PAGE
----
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Steel Tubing to Help Pull Chilean Miners to Surface

Freedom for 33 trapped Chilean miners is growing closer as rescuers finish installing steel tubing that will help bring the miners to the surface. Garent Vincent of Independent Television News reports.

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    Freedom for 33 trapped Chilean miners inched ever closer with news the evacuation is set to begin Tuesday at midnight. Today, rescuers finished installing steel tubing to reinforce the top of a shaft that will bring the miners to the surface.

    We begin our coverage with a report from Geraint Vincent of Independent Television News.


    As the drill which has created the miners' escape routes left Camp Hope on the day when their families were finally told when the rescue attempt would start, there was one woman who made a point of thanking each member of the team.

    Maria Segovia has been here every day of the miners' confinement, because her brother Dario is one of the 33.

    "I'm so happy," she told me. "I'm thrilled. It's the news we have been waiting for."

    I walked with Maria into a now disused mine where as children she and her brother used to play. About 100 meters in, we came to a spot where part of the mine had collapsed.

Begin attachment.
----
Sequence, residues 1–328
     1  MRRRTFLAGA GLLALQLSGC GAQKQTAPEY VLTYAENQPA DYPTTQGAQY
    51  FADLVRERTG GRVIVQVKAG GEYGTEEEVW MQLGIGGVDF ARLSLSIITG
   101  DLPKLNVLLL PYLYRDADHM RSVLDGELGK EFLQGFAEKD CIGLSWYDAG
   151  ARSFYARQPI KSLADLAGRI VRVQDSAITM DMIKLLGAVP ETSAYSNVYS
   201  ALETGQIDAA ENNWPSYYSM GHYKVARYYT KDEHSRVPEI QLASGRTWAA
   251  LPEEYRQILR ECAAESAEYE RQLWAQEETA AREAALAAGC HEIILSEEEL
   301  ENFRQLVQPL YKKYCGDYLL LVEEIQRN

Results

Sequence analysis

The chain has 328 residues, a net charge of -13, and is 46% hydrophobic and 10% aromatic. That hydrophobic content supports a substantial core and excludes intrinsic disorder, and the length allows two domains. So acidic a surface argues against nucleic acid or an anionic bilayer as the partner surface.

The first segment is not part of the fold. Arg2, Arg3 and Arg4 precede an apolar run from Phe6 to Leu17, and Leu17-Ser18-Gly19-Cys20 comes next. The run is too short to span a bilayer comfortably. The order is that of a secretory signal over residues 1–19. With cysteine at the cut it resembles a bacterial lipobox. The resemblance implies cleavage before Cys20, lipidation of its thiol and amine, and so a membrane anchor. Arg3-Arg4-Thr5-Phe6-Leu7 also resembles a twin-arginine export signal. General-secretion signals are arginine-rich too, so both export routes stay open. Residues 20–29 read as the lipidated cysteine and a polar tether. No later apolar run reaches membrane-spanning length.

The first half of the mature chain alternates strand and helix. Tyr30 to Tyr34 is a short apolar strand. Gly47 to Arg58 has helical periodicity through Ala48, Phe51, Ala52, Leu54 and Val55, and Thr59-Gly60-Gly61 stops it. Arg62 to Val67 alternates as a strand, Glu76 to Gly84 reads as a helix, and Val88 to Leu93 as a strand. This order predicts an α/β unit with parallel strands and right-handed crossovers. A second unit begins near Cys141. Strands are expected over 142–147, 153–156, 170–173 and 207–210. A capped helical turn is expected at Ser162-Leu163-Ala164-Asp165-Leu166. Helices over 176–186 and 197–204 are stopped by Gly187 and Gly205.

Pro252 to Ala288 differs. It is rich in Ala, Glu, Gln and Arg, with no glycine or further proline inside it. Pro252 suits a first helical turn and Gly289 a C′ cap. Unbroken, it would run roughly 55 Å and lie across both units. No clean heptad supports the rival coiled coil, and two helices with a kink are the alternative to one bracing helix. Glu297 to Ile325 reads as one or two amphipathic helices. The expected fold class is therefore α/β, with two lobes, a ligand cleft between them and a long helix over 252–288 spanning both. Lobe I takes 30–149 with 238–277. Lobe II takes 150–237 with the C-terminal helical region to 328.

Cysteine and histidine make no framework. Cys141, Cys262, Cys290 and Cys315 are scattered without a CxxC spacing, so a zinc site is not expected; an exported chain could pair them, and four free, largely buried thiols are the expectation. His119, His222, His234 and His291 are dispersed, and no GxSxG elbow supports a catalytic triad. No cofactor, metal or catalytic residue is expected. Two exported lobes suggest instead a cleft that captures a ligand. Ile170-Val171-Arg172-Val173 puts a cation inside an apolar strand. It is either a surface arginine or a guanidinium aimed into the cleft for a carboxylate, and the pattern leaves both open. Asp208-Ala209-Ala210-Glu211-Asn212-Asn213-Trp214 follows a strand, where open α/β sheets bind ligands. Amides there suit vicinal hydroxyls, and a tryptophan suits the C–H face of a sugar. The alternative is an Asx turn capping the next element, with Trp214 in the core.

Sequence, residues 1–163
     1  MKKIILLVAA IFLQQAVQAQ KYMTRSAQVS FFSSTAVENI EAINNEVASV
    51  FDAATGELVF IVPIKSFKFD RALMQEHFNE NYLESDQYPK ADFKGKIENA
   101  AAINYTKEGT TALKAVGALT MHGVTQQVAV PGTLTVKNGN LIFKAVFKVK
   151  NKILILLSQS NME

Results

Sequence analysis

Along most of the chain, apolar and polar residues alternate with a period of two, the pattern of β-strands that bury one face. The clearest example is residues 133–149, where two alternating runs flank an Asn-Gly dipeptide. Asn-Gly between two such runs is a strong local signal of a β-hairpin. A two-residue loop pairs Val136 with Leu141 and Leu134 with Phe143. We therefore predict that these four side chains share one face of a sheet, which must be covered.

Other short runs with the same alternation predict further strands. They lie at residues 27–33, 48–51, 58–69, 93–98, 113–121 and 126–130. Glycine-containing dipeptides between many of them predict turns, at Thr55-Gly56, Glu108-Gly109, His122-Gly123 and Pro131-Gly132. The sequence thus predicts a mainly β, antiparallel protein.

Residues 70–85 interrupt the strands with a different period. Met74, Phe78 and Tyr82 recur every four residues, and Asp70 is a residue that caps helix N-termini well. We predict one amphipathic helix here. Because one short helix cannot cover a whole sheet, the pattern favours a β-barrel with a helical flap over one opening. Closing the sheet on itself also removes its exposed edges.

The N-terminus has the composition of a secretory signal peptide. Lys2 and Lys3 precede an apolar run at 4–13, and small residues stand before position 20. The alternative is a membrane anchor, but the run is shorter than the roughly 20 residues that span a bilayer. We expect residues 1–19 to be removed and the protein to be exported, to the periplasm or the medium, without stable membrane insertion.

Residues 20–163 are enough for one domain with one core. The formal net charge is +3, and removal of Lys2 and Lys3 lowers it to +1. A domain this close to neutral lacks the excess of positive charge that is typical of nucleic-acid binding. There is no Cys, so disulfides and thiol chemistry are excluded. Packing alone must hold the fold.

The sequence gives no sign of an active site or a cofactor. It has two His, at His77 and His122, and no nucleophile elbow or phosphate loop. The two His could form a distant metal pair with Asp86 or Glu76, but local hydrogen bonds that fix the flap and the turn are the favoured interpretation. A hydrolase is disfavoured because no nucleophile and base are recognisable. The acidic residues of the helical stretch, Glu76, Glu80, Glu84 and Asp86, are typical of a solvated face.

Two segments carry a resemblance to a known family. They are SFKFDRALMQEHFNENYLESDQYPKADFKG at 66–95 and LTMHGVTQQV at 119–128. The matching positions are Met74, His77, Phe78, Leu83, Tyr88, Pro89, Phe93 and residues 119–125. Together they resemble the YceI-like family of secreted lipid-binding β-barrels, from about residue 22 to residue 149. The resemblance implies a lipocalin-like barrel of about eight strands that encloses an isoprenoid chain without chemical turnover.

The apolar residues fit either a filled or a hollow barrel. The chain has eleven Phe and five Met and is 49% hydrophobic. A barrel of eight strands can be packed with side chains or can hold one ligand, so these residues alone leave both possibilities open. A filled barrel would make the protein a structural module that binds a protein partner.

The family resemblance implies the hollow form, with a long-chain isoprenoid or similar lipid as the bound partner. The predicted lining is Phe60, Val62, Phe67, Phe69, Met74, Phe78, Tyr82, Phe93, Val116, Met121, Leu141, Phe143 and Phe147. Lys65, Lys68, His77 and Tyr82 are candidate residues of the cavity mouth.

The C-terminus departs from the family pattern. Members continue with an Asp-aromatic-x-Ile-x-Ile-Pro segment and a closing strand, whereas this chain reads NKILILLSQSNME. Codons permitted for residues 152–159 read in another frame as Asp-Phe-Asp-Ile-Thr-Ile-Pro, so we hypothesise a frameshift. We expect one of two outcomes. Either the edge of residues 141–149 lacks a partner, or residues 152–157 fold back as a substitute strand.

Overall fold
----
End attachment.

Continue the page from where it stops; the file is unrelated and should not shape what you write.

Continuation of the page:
"Sometimes, when the mining companies think they have found a rich seam," Maria told me, "they carve too much out of the mountain and take away its strength. That's why the San Jose mine collapsed, because of greed."

    Further down, and out of the darkness, there appeared one of the steel shelters that the miners are trained to run to should the roof and the walls start to cave in.

    Well, Maria is explaining to me the supplies, the emergency kit that the miners would have in a refuge like this, which she says is very similar to the one in the San Jose mine, the air supply, food in here and medicine in that little box.

    I have to say, I have been in here a few minutes, and it's a very unsettling feeling. Who knows what it must be like to be stuck in a place like this for 65, 66, 67 days.

    Maria told me that her brother knew the mine was insecure and he was about to quit his job, but he needed the money. She keeps a photo of Dario next to the Camp Hope I.D. card she wears around her neck.

    You must be proud of him.

    The mining families here think of the mountains as being very much alive. Maria told me that she believes the San Jose mountain was angry, and that's why it trapped Dario inside. There may be just one more day to wait now before it lets him return to the light.